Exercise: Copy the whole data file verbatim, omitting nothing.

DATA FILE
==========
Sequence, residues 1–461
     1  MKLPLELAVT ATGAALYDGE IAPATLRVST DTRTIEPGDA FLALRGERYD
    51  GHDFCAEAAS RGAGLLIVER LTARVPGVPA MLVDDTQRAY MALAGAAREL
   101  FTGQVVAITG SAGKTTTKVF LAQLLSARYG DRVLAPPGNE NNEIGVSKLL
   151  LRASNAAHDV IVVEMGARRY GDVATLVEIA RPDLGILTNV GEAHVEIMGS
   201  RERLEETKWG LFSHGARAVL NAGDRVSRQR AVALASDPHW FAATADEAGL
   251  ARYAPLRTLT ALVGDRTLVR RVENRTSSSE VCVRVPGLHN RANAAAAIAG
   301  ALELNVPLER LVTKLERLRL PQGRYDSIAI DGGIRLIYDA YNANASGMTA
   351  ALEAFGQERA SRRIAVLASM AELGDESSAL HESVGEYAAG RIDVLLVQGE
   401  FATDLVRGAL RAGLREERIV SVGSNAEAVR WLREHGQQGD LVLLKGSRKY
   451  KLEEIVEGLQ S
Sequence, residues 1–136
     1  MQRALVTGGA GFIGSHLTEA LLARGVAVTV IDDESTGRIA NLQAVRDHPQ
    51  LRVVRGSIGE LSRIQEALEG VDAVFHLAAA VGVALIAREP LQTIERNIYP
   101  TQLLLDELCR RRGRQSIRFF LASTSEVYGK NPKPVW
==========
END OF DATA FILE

Sequence, residues 1–461
     1  MKLPLELAVT ATGAALYDGE IAPATLRVST DTRTIEPGDA FLALRGERYD
    51  GHDFCAEAAS RGAGLLIVER LTARVPGVPA MLVDDTQRAY MALAGAAREL
   101  FTGQVVAITG SAGKTTTKVF LAQLLSARYG DRVLAPPGNE NNEIGVSKLL
   151  LRASNAAHDV IVVEMGARRY GDVATLVEIA RPDLGILTNV GEAHVEIMGS
   201  RERLEETKWG LFSHGARAVL NAGDRVSRQR AVALASDPHW FAATADEAGL
   251  ARYAPLRTLT ALVGDRTLVR RVENRTSSSE VCVRVPGLHN RANAAAAIAG
   301  ALELNVPLER LVTKLERLRL PQGRYDSIAI DGGIRLIYDA YNANASGMTA
   351  ALEAFGQERA SRRIAVLASM AELGDESSAL HESVGEYAAG RIDVLLVQGE
   401  FATDLVRGAL RAGLREERIV SVGSNAEAVR WLREHGQQGD LVLLKGSRKY
   451  KLEEIVEGLQ S
Sequence, residues 1–136
     1  MQRALVTGGA GFIGSHLTEA LLARGVAVTV IDDESTGRIA NLQAVRDHPQ
    51  LRVVRGSIGE LSRIQEALEG VDAVFHLAAA VGVALIAREP LQTIERNIYP
   101  TQLLLDELCR RRGRQSIRFF LASTSEVYGK NPKPVW